In the absence of federal action, states and cities in the United States have taken a leadership role in addressing the climate crisis, attempting to drive carbon emissions reductions. In this chapter, we review subnational policy actions across four areas: states pricing carbon; state-level low-carbon electricity policies; state-level low-carbon transportation policies; and city-level climate mitigation policies. After reviewing the major policies in each of these areas, we also discuss the weaknesses in current state and city approaches to climate change mitigation. We argue that while these subnational actions are laudable, they are insufficient. In fact, many states are failing to act at all. Interest group opponents and partisan polarization are both impeding progress at the subnational level. We conclude with a series of open research questions on state and local climate action in the United States.
Leah C. Stokes and Hanna L. Breetz
Jeff Feng, Matto Mildenberger and Leah C. Stokes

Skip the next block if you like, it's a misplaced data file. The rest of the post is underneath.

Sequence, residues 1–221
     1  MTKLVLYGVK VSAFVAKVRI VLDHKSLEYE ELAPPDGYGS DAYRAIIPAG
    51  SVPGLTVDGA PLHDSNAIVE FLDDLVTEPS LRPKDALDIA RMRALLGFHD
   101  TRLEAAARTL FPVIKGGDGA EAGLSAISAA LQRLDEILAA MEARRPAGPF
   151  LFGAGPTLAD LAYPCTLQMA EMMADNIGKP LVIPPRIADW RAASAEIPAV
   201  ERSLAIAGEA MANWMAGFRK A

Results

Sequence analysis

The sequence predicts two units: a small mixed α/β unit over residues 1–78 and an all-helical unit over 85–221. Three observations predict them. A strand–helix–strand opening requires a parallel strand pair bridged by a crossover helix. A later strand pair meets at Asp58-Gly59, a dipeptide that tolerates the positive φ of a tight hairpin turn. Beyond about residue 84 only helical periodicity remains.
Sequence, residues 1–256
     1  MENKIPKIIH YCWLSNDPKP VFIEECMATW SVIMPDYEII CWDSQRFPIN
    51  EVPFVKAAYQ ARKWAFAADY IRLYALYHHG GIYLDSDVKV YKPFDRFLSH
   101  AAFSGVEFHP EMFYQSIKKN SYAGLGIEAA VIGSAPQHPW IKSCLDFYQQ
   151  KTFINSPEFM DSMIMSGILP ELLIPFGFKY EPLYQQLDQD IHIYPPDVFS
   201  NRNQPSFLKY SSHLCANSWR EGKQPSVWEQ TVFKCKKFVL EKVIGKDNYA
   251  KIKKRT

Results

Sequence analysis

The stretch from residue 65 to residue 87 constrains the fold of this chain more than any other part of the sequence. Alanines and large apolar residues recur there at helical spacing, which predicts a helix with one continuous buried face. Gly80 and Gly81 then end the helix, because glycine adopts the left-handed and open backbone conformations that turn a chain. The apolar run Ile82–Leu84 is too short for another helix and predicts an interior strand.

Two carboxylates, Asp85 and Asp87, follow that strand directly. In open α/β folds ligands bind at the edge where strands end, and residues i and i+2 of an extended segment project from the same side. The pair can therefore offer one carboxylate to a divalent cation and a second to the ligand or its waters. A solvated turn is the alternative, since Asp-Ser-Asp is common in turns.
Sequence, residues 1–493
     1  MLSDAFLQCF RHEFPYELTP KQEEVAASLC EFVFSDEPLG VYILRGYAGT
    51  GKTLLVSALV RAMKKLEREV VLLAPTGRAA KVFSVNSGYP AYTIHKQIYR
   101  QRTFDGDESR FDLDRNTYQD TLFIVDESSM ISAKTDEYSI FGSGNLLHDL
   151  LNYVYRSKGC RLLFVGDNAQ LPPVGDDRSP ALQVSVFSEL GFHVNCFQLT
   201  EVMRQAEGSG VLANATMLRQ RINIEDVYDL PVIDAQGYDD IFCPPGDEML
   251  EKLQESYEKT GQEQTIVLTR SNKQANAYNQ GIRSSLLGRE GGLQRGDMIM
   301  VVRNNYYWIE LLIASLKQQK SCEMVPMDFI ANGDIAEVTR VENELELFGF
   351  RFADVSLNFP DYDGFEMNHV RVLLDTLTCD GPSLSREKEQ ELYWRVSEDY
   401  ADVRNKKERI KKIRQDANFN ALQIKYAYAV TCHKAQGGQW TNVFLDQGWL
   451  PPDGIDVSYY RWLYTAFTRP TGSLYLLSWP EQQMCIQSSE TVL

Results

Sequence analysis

Over the past decade, thousands of community environmental leaders and indigenous land rights activists have been assassinated. There is an urgent need for the research community to document the full scale, logic, and effects of these human rights violations. In this chapter, we first explore diverse literatures on ecological human rights, indigenous environmental justice, and violence. We then outline our research priorities for future work on this topic: first, new work to study the meso-level logic of violence against environmental activists; second, the development of new datasets to document the scope of this violence; and third, a sustained focus on intersectional analyses of the impact of this violence, particularly on women.